Third-Party Nominee Services in UAE
A system of legal contractual arrangements between directors/shareholders and a beneficial owner is known as nominee services. It is a situation in which someone other than the owner effectively administers the business and is thus designated as a director. The identical process is applied to both directors and stockholders. A Nominee Director, or ‘Third-Party’ Director, is a different person who is officially registered and acts as the offshore entity’s managing Director/Manager.
As the use of a Nominee Director has the legally binding power to operate as the only authority, third-party services are generally used to safeguard the owner’s confidentiality, which can be kept off the Company Registration documents (at least on paper).
The Nominee Director continues to act on the owner’s instructions and thus acts as a representative to sign all documents relating to the formation and management of the company on the owner’s behalf, ensuring that the beneficial owner remains off the documents and completely separate from the offshore corporate entity.
Professional Management services include Third-Party Services, in which a managing business is hired to handle all contractual agreements, secretarial, legal, and day-to-day office needs.
Nominees are most commonly used in places where corporation law demands that director and shareholder registries be made public. There are various situations in which one does not wish to be viewed as being legally obligated to a corporation with which one has a relationship. Lawyers, doctors, and most other professionals are easily targeted by antagonist forces, political opponents, or other prying entities with a vested interest in exposing or bringing down another individual.
A nominated director is a person who administers the activities of a corporation but does not do so at his or her discretion. The nominee Director follows the beneficial owner’s directions, which are legally binding under a previous agreement. The owner has the authority to fire or replace the nomination Director at any time, to override his authority or decision, and to grant the Director broad or limited powers that can be put into the UAE offshore company’s bylaws. A Power of Attorney can be granted to a nominee Director, allowing them to act on your behalf and open bank accounts, deeds, and sign paperwork, among other things.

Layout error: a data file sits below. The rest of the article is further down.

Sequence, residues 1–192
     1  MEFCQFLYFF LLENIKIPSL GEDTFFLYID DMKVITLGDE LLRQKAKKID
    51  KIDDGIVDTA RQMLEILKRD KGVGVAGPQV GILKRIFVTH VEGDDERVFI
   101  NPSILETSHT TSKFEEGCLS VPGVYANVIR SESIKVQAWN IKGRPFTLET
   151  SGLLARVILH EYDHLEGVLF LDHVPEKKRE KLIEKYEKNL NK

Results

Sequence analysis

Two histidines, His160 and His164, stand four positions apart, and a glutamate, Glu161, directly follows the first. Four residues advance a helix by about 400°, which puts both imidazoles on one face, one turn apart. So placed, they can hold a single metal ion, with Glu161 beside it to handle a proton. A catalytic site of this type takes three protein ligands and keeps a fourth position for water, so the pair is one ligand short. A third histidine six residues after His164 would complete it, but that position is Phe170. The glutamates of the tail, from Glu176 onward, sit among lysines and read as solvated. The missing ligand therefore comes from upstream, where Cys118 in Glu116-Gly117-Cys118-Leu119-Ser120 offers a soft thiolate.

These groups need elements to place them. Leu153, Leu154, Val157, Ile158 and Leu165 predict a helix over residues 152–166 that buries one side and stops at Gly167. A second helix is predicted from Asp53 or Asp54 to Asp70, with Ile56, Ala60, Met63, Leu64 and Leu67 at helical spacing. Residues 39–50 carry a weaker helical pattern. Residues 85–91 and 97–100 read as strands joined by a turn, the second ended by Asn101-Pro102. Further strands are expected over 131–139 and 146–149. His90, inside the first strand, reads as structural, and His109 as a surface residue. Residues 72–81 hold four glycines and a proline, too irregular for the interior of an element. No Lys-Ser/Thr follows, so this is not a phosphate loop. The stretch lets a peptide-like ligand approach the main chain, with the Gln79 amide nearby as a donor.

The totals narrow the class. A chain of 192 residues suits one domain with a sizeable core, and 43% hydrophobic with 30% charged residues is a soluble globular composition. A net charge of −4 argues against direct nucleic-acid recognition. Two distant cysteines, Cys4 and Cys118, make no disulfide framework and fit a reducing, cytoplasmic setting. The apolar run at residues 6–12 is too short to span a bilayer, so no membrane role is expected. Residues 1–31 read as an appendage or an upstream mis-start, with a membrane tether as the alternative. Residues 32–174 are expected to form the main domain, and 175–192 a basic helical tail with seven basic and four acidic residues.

A Nominee Shareholder is someone who holds shares on behalf of the company’s beneficial owner but has no legal control over them. According to a Trust agreement, the beneficial owner has ultimate responsibility for the nominated shareholder and can revoke, alter, or dismiss the shareholder at any moment. A nominee shareholder can be advantageous for offshore structures since it ensures complete confidentiality if the company’s owner desires to stay anonymous.
Offshore Professional Management Services
Using a completely adaptable and capable Professional Management entity to administer your non-controlled corporation gives you the highest level of assurance and protection. A Professional Management business’s expertise includes Third-Party Services, as the management firm is responsible for all contractual agreements, secretarial, legal, and day-to-day office-related needs.
Offshore Account Signatory Services
Offshore Account Signatory Services refers to a third-party expert who acts as a nominee for an IBC or offshore structure and is authorized to sign binding agreements on its behalf. These services are for people that want complete asset protection. By appointing a third-party signature and staying unlisted as a member, shareholder, or beneficiary on a company register, one can maintain complete independence from the organization on paper.
Risks and Vulnerability